Appeal from Superior Court, Spokane (86-2-02893-0) County; Honorable Kathleen O'Conner, Judge. Judgment Date: 6-24-93.
Dolliver, J., Smith, Johnson, Talmadge, J.j., concurring. Alexander (concurring by separate opinion). Guy, J. (concurring and dissenting by separate opinion). Durham, C.j., Madsen, J., Pekelis, J.p.t., dissenting. Sanders, J. (did not participate).
DOLLIVER, J.--This is a premises liability case where Plaintiff Barbara Iwai allegedly slipped and fell on snow or ice on an inclined section of Defendants' parking lot. We have heard about slippery slopes countless times, but this is the first case actually involving one. Defendants urge this court formally to adopt the natural accumulation rule for commercial parking lots, which would preclude landowner liability for injuries caused by naturally accumulated snow or ice. Defendants also claim Plaintiffs failed to establish Defendants' notice of the dangerous condition. The trial court granted summary judgment in favor of Defendants, but the Court of Appeals reversed and remanded the matter for trial. We affirm the Court of Appeals.
On November 27, 1984, over seven inches of snow fell in Spokane. On the same day, a contractor plowed Employment Security's parking lot, but apparently no sand was applied after the lot was plowed. From the 27th to the 29th of November, the temperature fluctuated from a high of thirty-six degrees to a low of twenty-eight degrees.
On November 29, 1984, Mrs. Iwai (hereinafter Iwai) knew it was slippery out, and she wore her snow boots when she left her house that morning. She drove to Employment Security's Spokane Job Service Center to check the job postings. Having been to the Center numerous times in the past two weeks, she was familiar with the facilities. When Iwai drove through Employment Security's parking lot, she realized the lot was icy. The parking lot was also covered by a small amount of residual snow. She parked in the only available parking stall, located on a sloped part of the lot far away from the building entrance. Upon exiting her car, Iwai slipped on ice and broke her wrist. After falling, she climbed back into her car and drove to a hospital.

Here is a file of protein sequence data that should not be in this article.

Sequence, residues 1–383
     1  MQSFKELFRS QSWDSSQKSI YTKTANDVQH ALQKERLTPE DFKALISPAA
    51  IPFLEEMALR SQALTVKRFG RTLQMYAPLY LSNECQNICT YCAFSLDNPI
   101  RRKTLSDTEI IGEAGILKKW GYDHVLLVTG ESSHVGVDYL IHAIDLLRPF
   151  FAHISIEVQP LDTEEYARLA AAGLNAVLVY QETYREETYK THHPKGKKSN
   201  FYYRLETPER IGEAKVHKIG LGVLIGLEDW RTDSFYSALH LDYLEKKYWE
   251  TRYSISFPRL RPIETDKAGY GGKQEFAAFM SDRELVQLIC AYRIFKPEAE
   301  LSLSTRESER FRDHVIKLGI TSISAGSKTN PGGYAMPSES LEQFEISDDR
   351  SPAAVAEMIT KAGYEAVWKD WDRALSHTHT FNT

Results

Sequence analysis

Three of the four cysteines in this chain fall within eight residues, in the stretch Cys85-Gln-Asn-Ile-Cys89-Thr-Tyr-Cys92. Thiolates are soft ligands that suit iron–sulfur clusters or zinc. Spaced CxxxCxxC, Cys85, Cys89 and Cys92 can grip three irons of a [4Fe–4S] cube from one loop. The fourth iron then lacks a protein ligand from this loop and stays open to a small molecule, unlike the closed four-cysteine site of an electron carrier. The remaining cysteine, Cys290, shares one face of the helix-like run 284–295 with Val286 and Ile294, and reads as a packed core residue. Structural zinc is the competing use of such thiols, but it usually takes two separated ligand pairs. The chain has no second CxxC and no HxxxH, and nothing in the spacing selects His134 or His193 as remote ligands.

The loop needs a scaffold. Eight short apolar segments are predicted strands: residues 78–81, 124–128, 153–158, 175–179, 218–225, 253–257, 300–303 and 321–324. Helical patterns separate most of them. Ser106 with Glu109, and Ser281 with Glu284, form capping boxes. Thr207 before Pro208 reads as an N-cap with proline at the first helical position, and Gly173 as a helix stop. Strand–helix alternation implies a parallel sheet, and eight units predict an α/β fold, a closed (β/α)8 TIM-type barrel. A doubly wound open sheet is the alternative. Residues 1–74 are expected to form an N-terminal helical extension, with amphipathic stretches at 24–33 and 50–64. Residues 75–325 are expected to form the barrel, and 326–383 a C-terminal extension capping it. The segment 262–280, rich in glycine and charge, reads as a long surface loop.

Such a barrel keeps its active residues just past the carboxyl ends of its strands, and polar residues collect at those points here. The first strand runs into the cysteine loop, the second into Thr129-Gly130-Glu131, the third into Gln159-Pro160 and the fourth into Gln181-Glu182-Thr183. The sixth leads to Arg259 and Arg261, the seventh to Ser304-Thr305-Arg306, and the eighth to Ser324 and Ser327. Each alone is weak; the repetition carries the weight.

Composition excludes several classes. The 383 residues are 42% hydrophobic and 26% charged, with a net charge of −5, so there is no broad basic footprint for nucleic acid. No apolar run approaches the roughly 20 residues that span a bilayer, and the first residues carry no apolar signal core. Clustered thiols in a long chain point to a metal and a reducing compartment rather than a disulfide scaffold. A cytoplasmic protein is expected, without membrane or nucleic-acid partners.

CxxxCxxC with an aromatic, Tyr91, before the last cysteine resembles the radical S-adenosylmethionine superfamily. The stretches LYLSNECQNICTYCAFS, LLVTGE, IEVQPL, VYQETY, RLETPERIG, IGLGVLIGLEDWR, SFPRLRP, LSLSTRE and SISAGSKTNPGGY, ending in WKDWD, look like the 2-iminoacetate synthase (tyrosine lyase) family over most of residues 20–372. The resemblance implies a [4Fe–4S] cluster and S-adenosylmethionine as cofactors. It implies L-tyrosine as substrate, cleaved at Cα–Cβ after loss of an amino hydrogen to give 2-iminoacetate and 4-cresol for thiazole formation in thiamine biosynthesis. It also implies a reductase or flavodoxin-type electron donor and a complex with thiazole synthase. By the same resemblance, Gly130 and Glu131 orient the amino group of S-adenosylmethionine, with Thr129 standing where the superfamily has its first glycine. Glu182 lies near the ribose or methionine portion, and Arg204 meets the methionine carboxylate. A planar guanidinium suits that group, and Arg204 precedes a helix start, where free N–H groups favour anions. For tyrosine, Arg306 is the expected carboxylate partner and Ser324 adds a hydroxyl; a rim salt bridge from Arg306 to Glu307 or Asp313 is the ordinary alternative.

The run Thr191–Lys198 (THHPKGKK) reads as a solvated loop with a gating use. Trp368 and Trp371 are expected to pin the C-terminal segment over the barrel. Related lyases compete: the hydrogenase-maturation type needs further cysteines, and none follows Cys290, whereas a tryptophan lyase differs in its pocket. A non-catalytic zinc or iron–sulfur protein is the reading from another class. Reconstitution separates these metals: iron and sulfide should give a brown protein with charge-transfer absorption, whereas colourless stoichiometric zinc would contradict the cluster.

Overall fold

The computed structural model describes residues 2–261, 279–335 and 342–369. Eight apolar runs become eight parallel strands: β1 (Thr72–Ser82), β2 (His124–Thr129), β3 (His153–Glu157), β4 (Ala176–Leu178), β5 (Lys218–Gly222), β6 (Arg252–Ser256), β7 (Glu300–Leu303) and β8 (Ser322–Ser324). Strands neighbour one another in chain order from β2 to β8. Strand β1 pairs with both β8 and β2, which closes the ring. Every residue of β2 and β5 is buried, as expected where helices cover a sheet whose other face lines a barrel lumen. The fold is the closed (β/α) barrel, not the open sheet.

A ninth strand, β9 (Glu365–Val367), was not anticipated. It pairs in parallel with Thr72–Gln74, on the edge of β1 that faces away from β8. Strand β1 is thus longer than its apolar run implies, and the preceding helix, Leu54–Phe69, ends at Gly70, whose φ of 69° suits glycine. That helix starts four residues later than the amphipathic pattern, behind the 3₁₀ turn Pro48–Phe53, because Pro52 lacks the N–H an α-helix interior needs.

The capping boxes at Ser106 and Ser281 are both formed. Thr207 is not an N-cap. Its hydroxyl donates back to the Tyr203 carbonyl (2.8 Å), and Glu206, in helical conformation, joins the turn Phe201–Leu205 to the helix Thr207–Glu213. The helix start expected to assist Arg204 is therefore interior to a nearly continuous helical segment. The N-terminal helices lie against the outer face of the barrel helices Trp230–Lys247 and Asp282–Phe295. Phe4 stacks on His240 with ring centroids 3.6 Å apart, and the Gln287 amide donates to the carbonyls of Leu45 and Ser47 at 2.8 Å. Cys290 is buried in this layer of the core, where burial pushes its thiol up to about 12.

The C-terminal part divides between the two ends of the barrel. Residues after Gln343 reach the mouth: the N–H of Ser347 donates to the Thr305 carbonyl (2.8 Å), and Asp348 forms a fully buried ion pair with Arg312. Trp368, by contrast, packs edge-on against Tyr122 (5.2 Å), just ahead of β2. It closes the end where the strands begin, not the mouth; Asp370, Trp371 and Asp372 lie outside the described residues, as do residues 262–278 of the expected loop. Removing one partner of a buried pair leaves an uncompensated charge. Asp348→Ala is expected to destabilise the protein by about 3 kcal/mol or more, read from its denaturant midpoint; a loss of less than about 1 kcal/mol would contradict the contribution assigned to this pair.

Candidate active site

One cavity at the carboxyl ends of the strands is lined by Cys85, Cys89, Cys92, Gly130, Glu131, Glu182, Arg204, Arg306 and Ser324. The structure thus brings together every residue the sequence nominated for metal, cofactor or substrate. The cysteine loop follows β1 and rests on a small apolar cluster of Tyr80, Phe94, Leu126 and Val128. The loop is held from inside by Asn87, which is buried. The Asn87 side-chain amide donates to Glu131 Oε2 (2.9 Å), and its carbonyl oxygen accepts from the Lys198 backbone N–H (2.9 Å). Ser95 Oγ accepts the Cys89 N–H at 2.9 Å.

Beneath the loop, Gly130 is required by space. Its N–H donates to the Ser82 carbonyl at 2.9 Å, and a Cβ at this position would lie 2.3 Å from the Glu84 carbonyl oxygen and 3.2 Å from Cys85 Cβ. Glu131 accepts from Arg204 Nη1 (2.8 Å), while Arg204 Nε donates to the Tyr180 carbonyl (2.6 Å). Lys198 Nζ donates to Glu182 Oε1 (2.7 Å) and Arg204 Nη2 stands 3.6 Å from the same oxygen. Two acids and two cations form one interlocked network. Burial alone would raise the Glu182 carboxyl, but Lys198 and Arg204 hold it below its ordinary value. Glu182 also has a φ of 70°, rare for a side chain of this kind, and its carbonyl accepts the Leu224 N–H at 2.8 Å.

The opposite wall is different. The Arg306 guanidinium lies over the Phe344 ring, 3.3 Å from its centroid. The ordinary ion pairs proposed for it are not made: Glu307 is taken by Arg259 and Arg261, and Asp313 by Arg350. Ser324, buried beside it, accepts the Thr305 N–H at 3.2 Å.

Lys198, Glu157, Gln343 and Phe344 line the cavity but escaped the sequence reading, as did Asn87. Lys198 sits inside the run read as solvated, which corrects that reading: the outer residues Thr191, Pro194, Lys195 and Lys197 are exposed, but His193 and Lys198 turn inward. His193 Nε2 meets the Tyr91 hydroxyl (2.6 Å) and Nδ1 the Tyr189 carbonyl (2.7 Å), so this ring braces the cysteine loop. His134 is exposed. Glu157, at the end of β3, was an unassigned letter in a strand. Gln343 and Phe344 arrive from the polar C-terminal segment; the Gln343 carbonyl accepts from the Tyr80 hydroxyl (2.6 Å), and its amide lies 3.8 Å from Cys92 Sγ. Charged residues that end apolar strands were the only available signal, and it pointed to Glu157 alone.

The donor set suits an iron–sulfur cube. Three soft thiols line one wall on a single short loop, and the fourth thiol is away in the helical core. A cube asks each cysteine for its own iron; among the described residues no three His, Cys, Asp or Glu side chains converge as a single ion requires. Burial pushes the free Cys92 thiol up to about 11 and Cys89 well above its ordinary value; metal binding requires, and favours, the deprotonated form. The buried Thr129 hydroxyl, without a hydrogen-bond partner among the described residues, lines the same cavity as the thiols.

Iwai and her husband sued the State, the Employment Security Department and its commissioner, Isaiah Turner, and the Spokane Job Service Center collectively as the tenant of the parking lot and building. Other named defendants were dismissed below, and the issues for which review has been granted do not involve those dismissed defendants. In the complaint, Plaintiffs assert the Defendants had a duty to maintain the parking lot in a safe condition for invitees, Defendants breached that duty by failing to remedy the dangerous condition of ice in the parking lot, and this failure to act caused Plaintiff Barbara Iwai's fall and injury.
Plaintiffs offered very little evidence to support their negligence claim. Plaintiffs argued there was no sand, gravel, or railings available in the parking lot at the time of Iwai's fall, a claim which Defendants did not refute. However, the absence of those aids does not in itself constitute negligence. The only solid piece of evidence regarding the actual and specific parking lot conditions on the day Iwai slipped is temperature and precipitation information from the National Weather Reports. All other details rest entirely on Iwai's own uncorroborated statements in her deposition and in the complaint. Iwai's deposition offers only the vague and general description of there being ice, covered by a trace amount of snow. Employment Security did not have the opportunity to document the parking lot conditions on November 29th because Plaintiff did not notify Employment Security of the accident until the following week. Defendants dispute that they had any notice of the accident prior to the lawsuit being filed on July 23, 1986.
In the attempt to show that Defendants had notice of the dangerous condition, Plaintiffs deposed John Lester, who was in charge of maintenance for Employment Security's parking lots at the time of Iwai's fall. With the deposition taking place almost five years after the accident, Lester had no specific recollection of the conditions during the month that Iwai fell. Nonetheless, he was questioned in detail about the parking lot.